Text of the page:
Since OpenAI unveiled the Large Language Model (LLM) based ChatGPT 3 generative AI chatbot late last year, there has been increasing support for regulating AI. The call to regulate has risen to a fever pitch with the subsequent release of an occasionally deranged, ChatGPT-based Bing chatbot, a much more powerful ChatGPT 4, and the eminent debut of rival platforms from Google and others.
An April 16 opinion piece by Ezra Klein in the New York Times that surveys regulatory proposals for AI argues that the White House Blueprint for an AI Bill of Rights released last October is the most promising of several new government plans, despite being overly broad. By contrast, the EU’s 2021 Artificial Intelligence Act proposal is out of date and overly focused on specific use cases, writes Klein, and China’s proposed regulations are too restrictive.
One of the most important — and challenging — recommendations of the White House Blueprint, says Klein, is the requirement that an AI can explain its reasoning. The proposal states: “Automated systems should provide explanations that are technically valid, meaningful and useful to you and to any operators or others who need to understand the system, and calibrated to the level of risk based on the context.”
The challenge, continues Klein, is that AI developers have made little progress on interpretability: “Force [an AI] to provide an explanation, and the one they give is itself a prediction of what we want to hear — it’s turtles all the way down.”
Indeed, generative AI chatbots are almost entirely lacking in transparency and are capable of massaging the truth to please the prompter. Most AI systems do not use generative AI and are not inclined to tell the user what they want to hear. Yet, most are similarly opaque.
The “black box” nature of neural networks is a significant problem for commercial AI deployments. The lack of explainability could also hinder several other AI recommendations listed by the White House Blueprint, including ensuring safety and effectiveness, protecting privacy, and correcting the well-documented discriminatory tendencies of many AIs regarding race, sex, and other factors. The final recommendation cited in the Blueprint, and one that is especially favored by Klein, is the right for a user to opt-out of an AI solution to choose a human alternative.
While Klein is skeptical of the prospect of an explainable AI, we take a more hopeful view. An emerging type of AI called Causal AI has the potential for doing much better at explaining its conclusions.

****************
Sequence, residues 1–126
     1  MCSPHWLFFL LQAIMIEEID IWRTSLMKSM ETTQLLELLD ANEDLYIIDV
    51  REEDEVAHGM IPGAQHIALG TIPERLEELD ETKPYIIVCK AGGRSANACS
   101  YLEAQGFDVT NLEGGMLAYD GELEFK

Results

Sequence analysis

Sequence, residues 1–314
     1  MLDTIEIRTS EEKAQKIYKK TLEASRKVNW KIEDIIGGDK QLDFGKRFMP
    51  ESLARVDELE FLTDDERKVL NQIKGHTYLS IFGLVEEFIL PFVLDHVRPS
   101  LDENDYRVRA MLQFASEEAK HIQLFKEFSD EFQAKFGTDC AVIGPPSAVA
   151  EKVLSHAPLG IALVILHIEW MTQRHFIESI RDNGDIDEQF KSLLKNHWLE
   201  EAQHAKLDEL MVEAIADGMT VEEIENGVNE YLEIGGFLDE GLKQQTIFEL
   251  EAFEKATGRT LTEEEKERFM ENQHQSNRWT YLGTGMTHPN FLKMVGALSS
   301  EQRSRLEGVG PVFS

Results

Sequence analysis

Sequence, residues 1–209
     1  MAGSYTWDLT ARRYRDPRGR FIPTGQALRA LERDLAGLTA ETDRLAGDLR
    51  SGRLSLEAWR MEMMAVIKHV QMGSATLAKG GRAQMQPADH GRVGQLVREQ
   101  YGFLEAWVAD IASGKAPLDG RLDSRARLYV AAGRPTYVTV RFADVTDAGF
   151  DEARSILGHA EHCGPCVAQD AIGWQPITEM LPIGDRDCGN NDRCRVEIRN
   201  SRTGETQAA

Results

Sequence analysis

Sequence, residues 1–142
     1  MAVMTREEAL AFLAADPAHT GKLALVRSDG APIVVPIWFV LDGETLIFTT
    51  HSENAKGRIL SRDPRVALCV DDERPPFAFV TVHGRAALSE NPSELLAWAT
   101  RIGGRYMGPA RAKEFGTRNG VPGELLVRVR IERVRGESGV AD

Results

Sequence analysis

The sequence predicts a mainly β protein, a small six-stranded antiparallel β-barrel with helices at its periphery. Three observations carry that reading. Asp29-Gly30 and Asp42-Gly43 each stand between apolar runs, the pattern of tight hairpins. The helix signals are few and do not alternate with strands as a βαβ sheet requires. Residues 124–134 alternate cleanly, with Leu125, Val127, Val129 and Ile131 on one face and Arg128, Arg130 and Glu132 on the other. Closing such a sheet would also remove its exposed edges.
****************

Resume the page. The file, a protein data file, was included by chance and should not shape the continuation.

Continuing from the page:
For example, the Leela Core engine that drives the Leela Platform for visual intelligence in manufacturing adds a symbolic causal agent that can reason about the world in a way that is more familiar to the human mind than neural networks. The causal layer can cross-check Leela Core’s traditional NN components in a hybrid causal/neural architecture. Leela Core is already better at explaining its decisions than NN-only platforms, making it easier to troubleshoot and customize. Much greater transparency is expected in future versions.
What about this idea of building better “guardrails?” Could a causal AI agent be merged with an LLM chatbot to help it explain its inner thinking? Probably. Could a causal AI supervisor help reign in generative AI’s tendency to hallucination and unethical recommendations? Possibly.
Meanwhile, as the Times article points out, there are many other interesting ideas for AI regulation beyond the government plans, including proposals from The Future of Life Institute and the A.I. Objectives Institute. Boston Dynamics’ Ethical Principles is also worth a look. With generative AI already creating new legal, economic, and ethical challenges, and with the growing prospect that an untethered chatbot could escape into the wild, time is of the essence.
The good news, writes Klein, is that most AI developers tend to be among those who are urgently calling for regulation. Count the Leela AI team among them. Last November, Steve Kommrusch, Leela AI’s Director of Research, presented at the ISO/IEC Artificial Intelligence (AI) Workshop, which was gathering insights for future standards around risk management in AI. A related ISO/IEC 23894 guidance document on risk management was published in February. Leela AI plans to participate in other AI standards efforts in the future.